or ‘viva Dante’

Vidanta excellence or ‘viva Dante

(Frustrated at the start of the week, by week’s end we must say, the environment was pleasant)

Our experience reminds us of Dante’s Inferno (hell).

We should have known when we were searching the internet for more information about the resort. You know, what are the services available, a map, and stuff you would find about any cruise ship. The search left a lot to be desired. The website was uninformative. We are taking it all in good faith.

We arrive at the Grand Mayan in Cancun at the reception desk and are handed a two-page legal document; to sign-should have known then that this is a scam. I tried to read it but was hurried by the clerk, so I asked for a copy which he provided, but it is in 8pt font. We asked for a map, and the attendant feigned to look for one and then said, “we are out of maps.”

Handed over to the concierge, we learned about our $50 credit and then talked into another $50 credit if we go to a ‘presentation’ and complimentary breakfast. Ok, but now we know we are in a ‘time-share’ situation. He said he needed $40, and we said to charge it to our room. Not possible-must be in cash. He also gave us a card to provide us with 10% off all purchases and show it when we buy something. We asked for a map, and he feigned to look for one and said, “we are out of maps.”

The bellboy took us to our room and then brought up our luggage. We asked for a map, and the answer was the same.

There is a concierge in the lobby of our building. No map, but he directed us to Salum, where there was food. Ten-minute walk on the boardwalk, taking us over the roads.

It was an evening in Dante’s inferno. Ok, not that bad, but the experience have been frustrating.

  • No map (you are expected to use your phone to get around and even read menus and other notices, but the internet is unreliable-it keeps dropping off and not always loading quickly). Fortunately a young couple showed us how to use our phone to see the map.
  • The signage is very poor.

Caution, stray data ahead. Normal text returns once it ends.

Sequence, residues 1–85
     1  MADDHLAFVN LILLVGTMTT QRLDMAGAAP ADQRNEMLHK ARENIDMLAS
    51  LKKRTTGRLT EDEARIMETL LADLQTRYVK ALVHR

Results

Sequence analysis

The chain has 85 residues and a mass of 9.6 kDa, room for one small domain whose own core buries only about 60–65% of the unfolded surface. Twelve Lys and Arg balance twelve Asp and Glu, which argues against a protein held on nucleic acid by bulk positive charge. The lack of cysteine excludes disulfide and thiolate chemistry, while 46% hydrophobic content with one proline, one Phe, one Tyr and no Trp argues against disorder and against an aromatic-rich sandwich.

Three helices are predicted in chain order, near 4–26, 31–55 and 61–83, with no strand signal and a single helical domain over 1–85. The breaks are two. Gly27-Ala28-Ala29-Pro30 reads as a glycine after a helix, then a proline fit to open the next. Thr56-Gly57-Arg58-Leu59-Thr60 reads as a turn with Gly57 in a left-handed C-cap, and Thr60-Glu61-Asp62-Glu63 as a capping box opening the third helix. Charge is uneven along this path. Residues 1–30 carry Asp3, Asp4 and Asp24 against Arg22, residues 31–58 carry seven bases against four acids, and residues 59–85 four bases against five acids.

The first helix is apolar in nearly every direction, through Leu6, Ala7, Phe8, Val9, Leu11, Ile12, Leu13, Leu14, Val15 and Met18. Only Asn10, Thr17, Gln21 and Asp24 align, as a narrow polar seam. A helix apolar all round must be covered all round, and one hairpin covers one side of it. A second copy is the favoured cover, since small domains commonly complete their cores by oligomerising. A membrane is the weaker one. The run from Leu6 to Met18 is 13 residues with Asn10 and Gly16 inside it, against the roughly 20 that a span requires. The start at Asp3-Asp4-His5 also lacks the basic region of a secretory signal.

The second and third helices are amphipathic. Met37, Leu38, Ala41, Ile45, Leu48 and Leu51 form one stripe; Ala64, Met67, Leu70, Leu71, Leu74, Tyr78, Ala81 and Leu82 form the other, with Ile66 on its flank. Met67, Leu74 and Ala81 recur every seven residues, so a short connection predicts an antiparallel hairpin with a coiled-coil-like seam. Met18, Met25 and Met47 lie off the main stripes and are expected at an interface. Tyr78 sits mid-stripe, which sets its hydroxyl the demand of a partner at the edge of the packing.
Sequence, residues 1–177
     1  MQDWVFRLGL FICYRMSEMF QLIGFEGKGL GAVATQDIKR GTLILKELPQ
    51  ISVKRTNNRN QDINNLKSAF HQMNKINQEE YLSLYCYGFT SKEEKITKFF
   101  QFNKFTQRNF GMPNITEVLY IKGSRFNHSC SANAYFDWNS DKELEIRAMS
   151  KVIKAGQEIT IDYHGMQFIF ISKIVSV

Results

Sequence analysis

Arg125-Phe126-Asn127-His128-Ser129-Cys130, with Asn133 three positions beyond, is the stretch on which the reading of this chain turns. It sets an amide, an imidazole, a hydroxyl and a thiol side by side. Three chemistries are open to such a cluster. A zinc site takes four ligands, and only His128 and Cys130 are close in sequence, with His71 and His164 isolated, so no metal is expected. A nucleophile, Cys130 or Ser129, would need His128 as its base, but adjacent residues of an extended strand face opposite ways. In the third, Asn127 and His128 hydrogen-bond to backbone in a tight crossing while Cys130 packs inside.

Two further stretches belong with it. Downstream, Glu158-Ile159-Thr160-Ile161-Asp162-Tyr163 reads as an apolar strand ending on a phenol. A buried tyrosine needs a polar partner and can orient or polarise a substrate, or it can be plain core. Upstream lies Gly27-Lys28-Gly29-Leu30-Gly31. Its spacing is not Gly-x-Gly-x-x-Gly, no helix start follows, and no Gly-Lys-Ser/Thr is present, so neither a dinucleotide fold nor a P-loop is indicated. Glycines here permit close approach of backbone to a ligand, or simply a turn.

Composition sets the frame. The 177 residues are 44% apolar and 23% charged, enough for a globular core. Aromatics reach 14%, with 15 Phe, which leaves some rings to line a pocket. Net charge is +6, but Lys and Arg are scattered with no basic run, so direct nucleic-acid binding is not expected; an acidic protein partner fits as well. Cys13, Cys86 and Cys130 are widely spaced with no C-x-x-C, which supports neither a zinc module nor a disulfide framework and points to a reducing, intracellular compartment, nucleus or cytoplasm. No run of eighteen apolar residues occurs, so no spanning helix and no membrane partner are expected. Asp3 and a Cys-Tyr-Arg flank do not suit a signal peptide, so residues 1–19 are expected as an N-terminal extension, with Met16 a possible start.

• We follow the directions given by one sign and come to a wye in the walkway with no direction on which way to go, so we guess, or more often, ask someone walking by.
    • Our room is in a series of buildings numbered 1 to 13 (we are in building 8), but there is no number on the buildings, so when we get off the tram, we must guess which way to go (or ask someone – if someone is around).
    • After a week, we were still baffled by signs
  • Our room is on the third floor but adjacent to the access road, and trams roar, bump, and grind every ten minutes past our room-making sleep a drama.
  • Speaking of trams or trolleys, to go from A to B, you sometimes pass B and end up at a transfer station, get off one trolley, and onto another trolley that eventually gets to B. The roads from point A to B are baffling, to say the least
  • The adjacent room has a baby, and crying makes sleep a drama.
  • Midnight revelers shouting and yelling in the hall makes sleep a drama
  • Finding our way around is impossible without a map—where do we get breakfast? Ah, they don’t understand the word, and we get different answers, all wrong about breakfast.
  • We didn’t know we could book Cirque de Soleil here with a discount—we booked online for the full price plus an additional tax we had to pay to get our tickets.
  • We didn’t know we could book tours here, so we booked online. (The bus picked us up at 7 am, and we got home at 8 pm for the Chichen Itza tour. The tour was excellent, but going from hotel to hotel to pick up tourists added about 3 hours to a long ride from Cancun).
  • Prices at the Mayan (for Mexico) are too high; everything is more expensive than we expected. For example, the resort’s conversion rate was 17.50 pesos per dollar, but the official conversion rate was about 18.8 pesos per dollar, and at the airport, they claimed up to 21 pesos per dollar.
  • Already mentioned, but we could not find out information before we arrived-we might have wanted to upgrade our room.
  • Lots of children were fine during the day; however, we think families should be booked in separate buildings. We are on a ‘restful’ vacation, and children running up and down the halls and banging around, and parents yelling is not what we booked.
  • At the time of this writing, we are disputing a $1000 charge to our credit card when we arrived at the reception desk. We were told that it would be used to pay for room charges. Our charges for the week were about $700 for food and sundries. That charge has not hit our credit card. The concierge said we would be credited the difference. Time will tell.

All said, the resort is excellent, nestled in the rainforest, with comfortable accommodations and very polite and helpful employees, and relaxation is the MO. The food is good. Cirque Soleil was interesting, and the dinner unusual with a half dozen ‘befores’ and a half dozen deserts, bookending a delicious beef or salmon entre. The portions were on the small side but more than sufficient for us.

We “won” the hotel accommodations during a charity function. We were the high bidder. We did not know this was a come-on for a ‘time share’ property. Vidanta is busy giving out accommodations because the same offer was available when we attended another charity function. We talked our way out of the ‘time share’ presentation—they were persuasive but eventually relented and we got our $40 back and celebrated by going to the Lago for the buffet breakfast-a good choice.

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